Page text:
Pal thinks that regardless of money printing by the central banks, people still have to decide where to put that money. Boomers could have put more money into gold, real estate, or bonds; instead, they chose stocks because of the higher return profile.
"The baby boomers have the maximum equity allocation they could possibly have. They are planning to retire at age 65 to 70," said Pal. "It's human behavior. It's predictable."
He cites Japan as an example where the central bank has been buying up bonds for two decades but savers have refused to buy stocks. As a result, the Japanese market never recovered the highs from the 1980s boom.
From a purely psychological point of view, the lack of negative catalysts has also been helping stocks.
"People see that the things that keep them away from the stock market are unjustified. Last year, people were talking about a global recession that didn't happen. The euro didn't break up. China didn't collapse. Elections in Europe weren't as bad as expected," said LaCalle.
If one negative element is removed, investors switch from "don't buy" to "buy." That's why there is the saying "stocks climb a wall of worry."
To top things off, foreigners from emerging markets have also been paying top dollar to get their hands on some higher quality U.S. assets to escape their own country's problems.
"You look around the world and you see that the United States has been the recipient of trillions of dollars because the emerging countries have been going through some rough economic times," said Whalen.
Chinese have been the main driver of capital flight. The Chinese central bank sold almost $1 trillion in official foreign exchange reserves in the form of U.S. Treasury bonds that ended up in individuals' and companies' hands, who in turn invested the money in U.S. real estate and equities.
How Long Can It Last?
"The overvaluation is incredible. This is the 97th month of the recovery, one of the the longest bull markets in the Dow Jones. You have the highest valuations since 1929 or 1999. Being an investor here is suicide," said Victor Sperandeo, principal at EAM Partners and a member of the Trader Monthly Hall of Fame.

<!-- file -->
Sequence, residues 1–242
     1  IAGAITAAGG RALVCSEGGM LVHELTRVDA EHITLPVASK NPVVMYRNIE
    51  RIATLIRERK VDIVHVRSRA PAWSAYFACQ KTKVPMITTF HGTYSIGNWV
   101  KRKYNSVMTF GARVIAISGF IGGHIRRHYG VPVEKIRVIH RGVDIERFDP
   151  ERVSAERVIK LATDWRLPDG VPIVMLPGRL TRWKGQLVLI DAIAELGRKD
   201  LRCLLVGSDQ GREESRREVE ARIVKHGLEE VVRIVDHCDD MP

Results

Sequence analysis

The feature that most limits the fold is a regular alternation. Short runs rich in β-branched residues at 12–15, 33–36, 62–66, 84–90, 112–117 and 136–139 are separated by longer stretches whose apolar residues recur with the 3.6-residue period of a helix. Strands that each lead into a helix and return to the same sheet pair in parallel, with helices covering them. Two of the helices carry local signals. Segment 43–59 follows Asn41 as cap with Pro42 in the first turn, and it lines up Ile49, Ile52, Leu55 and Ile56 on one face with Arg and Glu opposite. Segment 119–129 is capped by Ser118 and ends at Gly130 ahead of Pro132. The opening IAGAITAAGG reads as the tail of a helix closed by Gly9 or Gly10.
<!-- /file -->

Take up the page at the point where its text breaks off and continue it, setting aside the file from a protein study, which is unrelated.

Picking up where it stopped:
The only thing able to change investors' perception about the future of earnings and the economy is a recession. "The structure of the stock market is terrible but the imbalances will only get corrected in a recession," said Pal.
In fact, government bond yields are already at recession levels and have been for some time. "You look at the bond market and it comes to the opposite conclusion than stocks: 'We are stuck in a low growth period, and we don't get out,'" said Snider.
Since 1910, after every two-term presidency followed by a change in the party controlling the White House, the economy has always suffered a recession within 15 months of the handover, according to Pal.
However, since President Donald Trump's election last November, the S&P 500 rallied 13.7 percent, as investors bet on Trump's promise to deliver on tax cuts and deregulation.
As soon as people realize that their assumptions of a decent economy are disappointed, the stock market will correct. Should the recession materialize, Bank of America estimates markets could drop 20 percent. But this may be optimistic.
Will the Fed Let Stocks Crash?
"You never know if there will be a significant drawdown like in 2008, but you know that if there is one, then there is an unlimited supply of money to drive prices higher again," said Paul Brodsky, principal at hedge fund PostModern Partners.
According to Raoul Pal, the Fed will have to buy equities to protect baby boomers' retirement money. During previous bear markets, baby boomers kept adding to their retirement funds through their 401ks. This time, they are about to take money out. A market crash would put a large portion of their retirement savings at risk.
"The only way to stop a market clearing event with stocks down 80 percent is the Fed buying equities," said Pal.
Brodsky agrees: "We have an incentive structure that leads to the Fed making sure that the U.S. equity markets are stable. Regardless of value, of price earnings multiples, the nominal price of the index has to remain stable."
The experts agree that without central bank support, there would be no holding back, said Sperandeo: "The move is not over, but it's almost over. And when it comes down, it's going to come down hard."